Soon thereafter, I not only paid back OSYM his initial $500 investment with interest, but I also grew my online business to six figures. At the risk of sounding super "telemarket-y," none of this would have been possible until I changed my line of thinking. 

Over the years, I've had moments when I've fallen off the proverbial wagon and momentarily resorted back to my mindset of scarcity. I have sold a ridiculous number of beats and splurged on shoes, cell phones, and gadgets I know I did not need to purchase. However, what always brings me back to reality is the feeling that no matter how many of these items I purchase, none of them will ever make me truly happy.

In my second year of selling beats online, I read The Go-Giver by John David Mann and Bob Burg. The book single-handedly led me to the work that I do today on YouTube. “Money is the echo of the value that we give to people,” I remember reading. Extremely motivated by this quote and the burning desire to share my story with the world, I began vlogging about the industry and my experiences as an online music producer. I knew I had value and that value would likely resonate with an audience that was eager to consume it. The following year was the most fruitful financial year of my life; I don’t think that was a coincidence. By sharing my knowledge, I opened up a new financial channel.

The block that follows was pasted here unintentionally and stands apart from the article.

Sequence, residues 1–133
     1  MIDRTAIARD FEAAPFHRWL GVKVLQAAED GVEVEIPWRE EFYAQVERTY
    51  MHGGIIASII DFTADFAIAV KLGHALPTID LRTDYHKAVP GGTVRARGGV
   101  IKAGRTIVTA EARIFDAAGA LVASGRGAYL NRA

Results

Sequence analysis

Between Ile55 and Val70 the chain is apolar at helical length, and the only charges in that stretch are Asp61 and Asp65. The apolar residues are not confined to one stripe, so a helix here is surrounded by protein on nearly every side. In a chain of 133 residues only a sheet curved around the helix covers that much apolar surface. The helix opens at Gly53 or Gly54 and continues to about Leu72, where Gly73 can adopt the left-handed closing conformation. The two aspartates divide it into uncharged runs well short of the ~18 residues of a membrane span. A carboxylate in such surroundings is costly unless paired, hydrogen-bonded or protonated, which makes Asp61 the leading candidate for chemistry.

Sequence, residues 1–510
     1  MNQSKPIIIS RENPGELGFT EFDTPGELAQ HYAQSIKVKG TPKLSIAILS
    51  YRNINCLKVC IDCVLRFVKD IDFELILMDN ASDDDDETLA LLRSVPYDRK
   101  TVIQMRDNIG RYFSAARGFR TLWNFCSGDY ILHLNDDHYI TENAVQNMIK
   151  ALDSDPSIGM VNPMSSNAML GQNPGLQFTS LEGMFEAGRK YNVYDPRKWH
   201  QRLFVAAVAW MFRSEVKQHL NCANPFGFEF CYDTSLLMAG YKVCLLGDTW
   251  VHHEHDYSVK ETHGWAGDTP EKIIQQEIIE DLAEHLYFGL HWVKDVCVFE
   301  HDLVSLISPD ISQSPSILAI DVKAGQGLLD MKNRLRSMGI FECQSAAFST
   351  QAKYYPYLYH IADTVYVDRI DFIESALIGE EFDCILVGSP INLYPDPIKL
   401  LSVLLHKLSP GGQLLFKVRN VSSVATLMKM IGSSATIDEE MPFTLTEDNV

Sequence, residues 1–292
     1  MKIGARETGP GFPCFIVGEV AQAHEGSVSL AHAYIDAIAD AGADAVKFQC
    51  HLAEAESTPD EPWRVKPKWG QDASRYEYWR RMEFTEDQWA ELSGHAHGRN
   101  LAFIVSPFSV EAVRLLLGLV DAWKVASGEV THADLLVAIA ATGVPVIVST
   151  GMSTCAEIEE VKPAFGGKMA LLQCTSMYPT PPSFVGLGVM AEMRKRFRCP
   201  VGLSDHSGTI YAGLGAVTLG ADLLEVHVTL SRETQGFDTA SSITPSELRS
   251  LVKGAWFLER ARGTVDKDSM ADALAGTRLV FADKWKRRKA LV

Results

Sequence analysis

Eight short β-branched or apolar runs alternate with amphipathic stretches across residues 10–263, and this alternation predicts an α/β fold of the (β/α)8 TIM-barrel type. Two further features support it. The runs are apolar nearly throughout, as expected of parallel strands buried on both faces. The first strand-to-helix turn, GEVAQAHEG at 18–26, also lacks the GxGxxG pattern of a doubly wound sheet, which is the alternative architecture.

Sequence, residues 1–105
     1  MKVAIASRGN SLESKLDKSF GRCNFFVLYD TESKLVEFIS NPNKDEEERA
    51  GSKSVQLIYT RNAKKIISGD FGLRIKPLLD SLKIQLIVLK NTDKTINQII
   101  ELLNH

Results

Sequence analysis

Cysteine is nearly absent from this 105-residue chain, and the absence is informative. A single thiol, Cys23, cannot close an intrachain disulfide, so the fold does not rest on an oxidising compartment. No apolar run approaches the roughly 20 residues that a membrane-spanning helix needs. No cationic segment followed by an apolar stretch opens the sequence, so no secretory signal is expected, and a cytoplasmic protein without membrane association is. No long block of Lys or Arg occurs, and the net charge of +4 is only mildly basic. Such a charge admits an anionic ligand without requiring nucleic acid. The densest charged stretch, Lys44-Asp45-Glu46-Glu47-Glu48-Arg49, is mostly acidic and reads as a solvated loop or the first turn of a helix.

So what are the three major takeaways I want all music producers to get from reading this article? 

First, money is just green pieces of paper, undeserving of your fear and power. 

Second, never be afraid to bet it all on yourself. 

Third, the secret to living is giving. 

Establishing a strong grasp and understanding of these concepts, along with the recommended reading mentioned in this article, will undoubtedly rewire your mind if you too struggle with financial literacy. I wish my favorite music producers taught me these lessons. Knowledge is power—pass it on.